This artist is setting a new expectation for the phrase “save the butterflies”.
Romy McCloskey is a costume designer who put her needleworking abilities to the test when she rescued a 3-day-old monarch butterfly from certain death by fixing its shredded wing.
McCloskey, who is the proud mother to a garden full of monarchs, first found the baby bug in her backyard last week. While monarch butterflies usually have a lifespan of 2 to 6 weeks, this newborn insect had suffered a deformity while it was pupating in the chrysalis.
Upon determining that the mutation wasn’t due to a parasite, McCloskey took the injured baby into her “operating room” and grabbed her surgical supplies: a towel, a coat hanger, contact cement, a toothpick, tweezers, a cotton swab, scissors, talc powder, and an extra butterfly wing from one of her other recently deceased backyard bugs.
The designer used the coat hanger to secure the body of the butterfly against the towel so it would not struggle while she was attaching the wing. She then cut away the ragged part of its wing to make way for the replacement – and if you’re worried about the butterfly at this point, McCloskey assures her reader that cutting butterfly wings is the equivalent of trimming hair or fingernails.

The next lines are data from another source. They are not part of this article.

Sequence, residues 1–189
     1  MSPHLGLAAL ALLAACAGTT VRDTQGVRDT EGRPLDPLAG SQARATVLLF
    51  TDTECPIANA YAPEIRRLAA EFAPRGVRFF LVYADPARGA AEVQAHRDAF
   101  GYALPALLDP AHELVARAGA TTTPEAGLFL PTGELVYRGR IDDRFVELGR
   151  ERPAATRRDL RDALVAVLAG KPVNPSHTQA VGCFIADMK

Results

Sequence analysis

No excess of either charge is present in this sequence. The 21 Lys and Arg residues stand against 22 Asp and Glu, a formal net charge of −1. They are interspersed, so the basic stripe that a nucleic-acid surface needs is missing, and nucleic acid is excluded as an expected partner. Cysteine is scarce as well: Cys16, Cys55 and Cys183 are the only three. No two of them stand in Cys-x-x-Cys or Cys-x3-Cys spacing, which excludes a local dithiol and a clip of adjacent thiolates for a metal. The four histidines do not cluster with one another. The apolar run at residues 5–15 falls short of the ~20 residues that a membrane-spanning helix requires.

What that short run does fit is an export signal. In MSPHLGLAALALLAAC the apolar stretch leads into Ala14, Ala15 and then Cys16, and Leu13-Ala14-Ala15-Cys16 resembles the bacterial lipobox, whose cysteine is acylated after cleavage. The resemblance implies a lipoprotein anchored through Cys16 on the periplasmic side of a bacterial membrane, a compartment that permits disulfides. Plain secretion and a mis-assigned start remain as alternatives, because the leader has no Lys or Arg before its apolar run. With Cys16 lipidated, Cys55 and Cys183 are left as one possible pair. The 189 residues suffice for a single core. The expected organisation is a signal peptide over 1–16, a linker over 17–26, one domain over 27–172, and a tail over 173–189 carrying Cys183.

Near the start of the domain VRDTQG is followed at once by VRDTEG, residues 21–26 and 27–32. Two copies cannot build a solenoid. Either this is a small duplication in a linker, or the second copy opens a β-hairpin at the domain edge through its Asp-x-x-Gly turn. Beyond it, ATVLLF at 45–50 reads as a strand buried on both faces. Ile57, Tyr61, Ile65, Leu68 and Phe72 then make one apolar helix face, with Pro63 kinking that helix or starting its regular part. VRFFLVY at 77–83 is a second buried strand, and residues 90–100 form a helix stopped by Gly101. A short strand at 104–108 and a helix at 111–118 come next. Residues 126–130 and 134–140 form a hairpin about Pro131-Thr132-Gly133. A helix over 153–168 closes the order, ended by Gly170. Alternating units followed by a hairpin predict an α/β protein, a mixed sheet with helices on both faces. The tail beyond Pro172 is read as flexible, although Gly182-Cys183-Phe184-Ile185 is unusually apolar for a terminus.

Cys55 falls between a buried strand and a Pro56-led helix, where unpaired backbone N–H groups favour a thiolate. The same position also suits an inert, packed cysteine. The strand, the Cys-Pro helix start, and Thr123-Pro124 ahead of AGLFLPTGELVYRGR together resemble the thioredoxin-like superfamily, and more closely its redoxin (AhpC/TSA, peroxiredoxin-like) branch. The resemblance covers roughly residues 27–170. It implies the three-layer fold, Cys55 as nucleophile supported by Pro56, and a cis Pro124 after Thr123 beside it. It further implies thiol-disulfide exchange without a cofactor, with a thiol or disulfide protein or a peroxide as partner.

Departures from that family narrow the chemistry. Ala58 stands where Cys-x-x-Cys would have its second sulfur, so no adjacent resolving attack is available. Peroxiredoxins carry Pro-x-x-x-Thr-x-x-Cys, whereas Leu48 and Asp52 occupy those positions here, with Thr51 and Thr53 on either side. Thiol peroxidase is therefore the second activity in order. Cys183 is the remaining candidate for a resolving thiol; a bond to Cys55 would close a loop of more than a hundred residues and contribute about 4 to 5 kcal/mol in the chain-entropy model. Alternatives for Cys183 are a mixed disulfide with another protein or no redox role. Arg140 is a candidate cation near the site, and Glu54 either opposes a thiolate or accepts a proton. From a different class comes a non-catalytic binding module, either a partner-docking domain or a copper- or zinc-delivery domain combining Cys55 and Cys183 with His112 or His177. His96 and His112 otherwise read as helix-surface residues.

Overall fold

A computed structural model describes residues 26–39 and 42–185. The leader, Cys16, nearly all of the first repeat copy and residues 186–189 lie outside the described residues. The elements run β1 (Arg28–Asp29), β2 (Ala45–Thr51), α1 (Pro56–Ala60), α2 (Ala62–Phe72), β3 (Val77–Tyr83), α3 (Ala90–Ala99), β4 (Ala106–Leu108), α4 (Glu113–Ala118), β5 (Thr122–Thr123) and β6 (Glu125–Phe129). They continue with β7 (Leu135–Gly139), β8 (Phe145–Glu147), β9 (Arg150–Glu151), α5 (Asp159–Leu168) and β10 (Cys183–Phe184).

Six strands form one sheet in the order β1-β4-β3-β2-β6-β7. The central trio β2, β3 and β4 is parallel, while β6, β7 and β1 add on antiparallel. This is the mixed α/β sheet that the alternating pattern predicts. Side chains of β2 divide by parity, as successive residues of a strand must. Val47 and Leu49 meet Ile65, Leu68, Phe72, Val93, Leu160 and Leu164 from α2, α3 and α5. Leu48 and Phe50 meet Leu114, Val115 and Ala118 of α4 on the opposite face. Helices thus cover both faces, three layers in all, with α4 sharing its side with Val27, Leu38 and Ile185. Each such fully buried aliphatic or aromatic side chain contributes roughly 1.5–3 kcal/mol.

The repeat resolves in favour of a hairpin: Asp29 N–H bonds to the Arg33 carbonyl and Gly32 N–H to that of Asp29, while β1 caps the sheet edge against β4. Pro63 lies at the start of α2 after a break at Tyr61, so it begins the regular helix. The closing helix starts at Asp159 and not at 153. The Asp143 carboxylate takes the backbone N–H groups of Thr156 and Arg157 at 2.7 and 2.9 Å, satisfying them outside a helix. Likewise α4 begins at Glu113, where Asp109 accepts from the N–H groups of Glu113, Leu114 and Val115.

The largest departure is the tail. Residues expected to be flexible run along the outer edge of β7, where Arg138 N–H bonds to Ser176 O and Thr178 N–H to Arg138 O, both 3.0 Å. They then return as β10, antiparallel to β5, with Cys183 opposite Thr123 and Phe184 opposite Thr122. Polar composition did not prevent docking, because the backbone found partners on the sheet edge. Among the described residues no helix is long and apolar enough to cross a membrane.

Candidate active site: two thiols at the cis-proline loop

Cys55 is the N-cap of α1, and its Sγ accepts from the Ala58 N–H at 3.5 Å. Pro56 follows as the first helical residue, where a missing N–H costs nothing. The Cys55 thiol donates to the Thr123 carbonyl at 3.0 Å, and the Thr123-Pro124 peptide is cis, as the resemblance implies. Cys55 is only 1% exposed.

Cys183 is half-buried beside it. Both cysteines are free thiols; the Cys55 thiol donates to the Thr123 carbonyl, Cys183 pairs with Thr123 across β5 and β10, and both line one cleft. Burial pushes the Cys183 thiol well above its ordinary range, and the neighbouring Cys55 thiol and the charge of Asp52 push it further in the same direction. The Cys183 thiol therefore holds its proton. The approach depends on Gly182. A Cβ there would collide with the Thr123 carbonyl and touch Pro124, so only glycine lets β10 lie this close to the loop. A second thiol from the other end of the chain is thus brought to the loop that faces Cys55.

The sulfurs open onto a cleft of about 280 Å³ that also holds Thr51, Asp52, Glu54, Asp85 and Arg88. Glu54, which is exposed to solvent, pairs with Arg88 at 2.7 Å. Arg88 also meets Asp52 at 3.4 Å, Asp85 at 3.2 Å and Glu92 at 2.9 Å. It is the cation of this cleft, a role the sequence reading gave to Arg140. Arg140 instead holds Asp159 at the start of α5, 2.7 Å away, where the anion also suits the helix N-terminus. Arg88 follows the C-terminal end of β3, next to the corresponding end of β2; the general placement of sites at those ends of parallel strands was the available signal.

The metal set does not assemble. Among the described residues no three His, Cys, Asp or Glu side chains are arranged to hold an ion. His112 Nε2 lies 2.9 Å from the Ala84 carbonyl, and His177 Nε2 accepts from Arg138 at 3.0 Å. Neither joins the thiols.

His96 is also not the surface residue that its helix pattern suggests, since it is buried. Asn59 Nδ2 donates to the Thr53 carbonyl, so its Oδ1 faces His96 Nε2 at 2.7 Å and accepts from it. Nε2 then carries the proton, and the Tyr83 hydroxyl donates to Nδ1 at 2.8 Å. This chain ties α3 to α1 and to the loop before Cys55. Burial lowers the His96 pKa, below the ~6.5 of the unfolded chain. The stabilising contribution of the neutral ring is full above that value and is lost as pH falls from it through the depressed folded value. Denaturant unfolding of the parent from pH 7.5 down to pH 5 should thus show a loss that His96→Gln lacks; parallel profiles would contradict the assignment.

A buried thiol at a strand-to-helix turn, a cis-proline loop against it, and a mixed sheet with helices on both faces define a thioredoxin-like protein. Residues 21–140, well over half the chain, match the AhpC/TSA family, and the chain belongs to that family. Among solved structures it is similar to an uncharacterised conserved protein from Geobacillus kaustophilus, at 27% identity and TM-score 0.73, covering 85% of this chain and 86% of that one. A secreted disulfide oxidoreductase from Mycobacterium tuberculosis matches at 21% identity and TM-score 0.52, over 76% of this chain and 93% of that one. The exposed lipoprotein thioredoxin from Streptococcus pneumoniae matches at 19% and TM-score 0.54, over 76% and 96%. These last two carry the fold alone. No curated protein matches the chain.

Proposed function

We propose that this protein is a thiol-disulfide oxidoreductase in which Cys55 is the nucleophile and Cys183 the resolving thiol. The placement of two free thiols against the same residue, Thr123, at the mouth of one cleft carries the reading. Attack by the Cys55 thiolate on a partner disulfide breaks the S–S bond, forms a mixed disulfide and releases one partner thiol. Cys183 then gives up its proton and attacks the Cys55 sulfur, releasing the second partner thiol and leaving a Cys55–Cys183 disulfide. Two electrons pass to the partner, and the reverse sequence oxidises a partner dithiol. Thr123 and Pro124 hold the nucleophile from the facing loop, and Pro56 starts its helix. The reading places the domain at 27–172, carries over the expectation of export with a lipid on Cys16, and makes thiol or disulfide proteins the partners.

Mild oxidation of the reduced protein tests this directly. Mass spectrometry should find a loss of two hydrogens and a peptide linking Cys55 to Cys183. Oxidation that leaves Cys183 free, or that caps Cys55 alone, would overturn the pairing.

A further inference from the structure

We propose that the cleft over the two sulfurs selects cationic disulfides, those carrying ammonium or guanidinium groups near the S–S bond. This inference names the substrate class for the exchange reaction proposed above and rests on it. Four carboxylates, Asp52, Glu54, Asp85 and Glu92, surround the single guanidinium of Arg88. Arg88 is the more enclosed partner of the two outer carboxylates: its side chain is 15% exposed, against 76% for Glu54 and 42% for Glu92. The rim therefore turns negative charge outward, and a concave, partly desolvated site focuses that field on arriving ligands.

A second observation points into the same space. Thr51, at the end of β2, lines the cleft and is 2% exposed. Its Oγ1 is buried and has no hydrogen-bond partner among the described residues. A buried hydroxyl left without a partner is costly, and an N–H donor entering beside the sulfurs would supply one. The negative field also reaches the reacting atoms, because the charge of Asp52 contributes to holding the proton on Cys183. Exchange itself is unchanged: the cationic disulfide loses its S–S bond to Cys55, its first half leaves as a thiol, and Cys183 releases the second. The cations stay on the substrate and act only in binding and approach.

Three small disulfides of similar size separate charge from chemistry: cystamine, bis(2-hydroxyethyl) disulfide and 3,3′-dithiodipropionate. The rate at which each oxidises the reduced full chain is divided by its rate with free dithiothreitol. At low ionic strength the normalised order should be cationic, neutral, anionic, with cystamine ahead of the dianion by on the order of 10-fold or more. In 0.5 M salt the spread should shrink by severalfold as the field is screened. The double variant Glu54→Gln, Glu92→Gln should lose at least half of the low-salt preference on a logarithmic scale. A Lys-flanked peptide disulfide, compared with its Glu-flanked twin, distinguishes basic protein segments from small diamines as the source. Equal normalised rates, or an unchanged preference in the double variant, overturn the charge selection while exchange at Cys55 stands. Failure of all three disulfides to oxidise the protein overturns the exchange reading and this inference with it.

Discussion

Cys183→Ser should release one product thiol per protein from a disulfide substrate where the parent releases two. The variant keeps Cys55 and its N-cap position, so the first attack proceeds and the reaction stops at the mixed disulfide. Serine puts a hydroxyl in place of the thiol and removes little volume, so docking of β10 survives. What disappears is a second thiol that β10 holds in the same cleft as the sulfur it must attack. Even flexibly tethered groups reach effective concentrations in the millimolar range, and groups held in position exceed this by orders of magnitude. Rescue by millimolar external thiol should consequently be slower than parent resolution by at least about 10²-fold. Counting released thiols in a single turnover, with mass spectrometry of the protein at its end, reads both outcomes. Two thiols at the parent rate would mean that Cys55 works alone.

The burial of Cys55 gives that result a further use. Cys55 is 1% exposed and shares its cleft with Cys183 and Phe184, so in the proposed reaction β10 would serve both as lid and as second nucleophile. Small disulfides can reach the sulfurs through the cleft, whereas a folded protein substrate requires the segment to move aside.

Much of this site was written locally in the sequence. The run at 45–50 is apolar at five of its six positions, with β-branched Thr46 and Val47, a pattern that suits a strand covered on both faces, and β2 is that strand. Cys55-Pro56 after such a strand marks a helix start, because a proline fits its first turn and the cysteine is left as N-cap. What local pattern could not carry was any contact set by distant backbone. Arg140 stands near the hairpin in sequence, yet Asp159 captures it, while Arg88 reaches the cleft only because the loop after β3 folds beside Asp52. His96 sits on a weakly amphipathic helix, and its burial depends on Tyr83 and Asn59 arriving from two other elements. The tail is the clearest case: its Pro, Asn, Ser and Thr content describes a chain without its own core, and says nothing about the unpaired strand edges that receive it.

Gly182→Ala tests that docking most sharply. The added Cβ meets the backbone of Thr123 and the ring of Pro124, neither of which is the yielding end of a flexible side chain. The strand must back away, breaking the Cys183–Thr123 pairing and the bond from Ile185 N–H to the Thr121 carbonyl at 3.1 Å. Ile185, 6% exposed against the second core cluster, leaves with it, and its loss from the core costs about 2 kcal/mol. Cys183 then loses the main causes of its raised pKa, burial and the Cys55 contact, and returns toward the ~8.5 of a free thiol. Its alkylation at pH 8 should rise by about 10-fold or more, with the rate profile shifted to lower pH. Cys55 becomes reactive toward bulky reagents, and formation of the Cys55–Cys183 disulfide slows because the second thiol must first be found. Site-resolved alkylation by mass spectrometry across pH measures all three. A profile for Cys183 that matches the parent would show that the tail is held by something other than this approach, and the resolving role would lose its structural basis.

She then attached the extra butterfly wing to her young patient so that it was virtually good as new.
McCloskey posted photos of the healthy butterfly to Facebook with the caption reading: “You can see that the black lines on his upper right wing don’t match up 100%, and if you look at his lower right wing, [it] is missing the black dot that indicates male gender. Oh, and the white on his wing is the talc used to make sure any stray glue doesn’t make the wings stick together.”
Just to make sure that her patient had made a healthy recovery, she let it rest for a day before giving it some homemade nectar and taking it into the backyard for a little joy ride on its new wing – and judging by the butterfly’s exuberant first flight, the surgery was a huge success.
“A quick spin around the backyard, then a little rest on one of the bushes… then… like the down of a thistle… off he flew! My heart soared with him, for sure!” said McCloskey.
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Reprint (Photos by Romy McCloskey)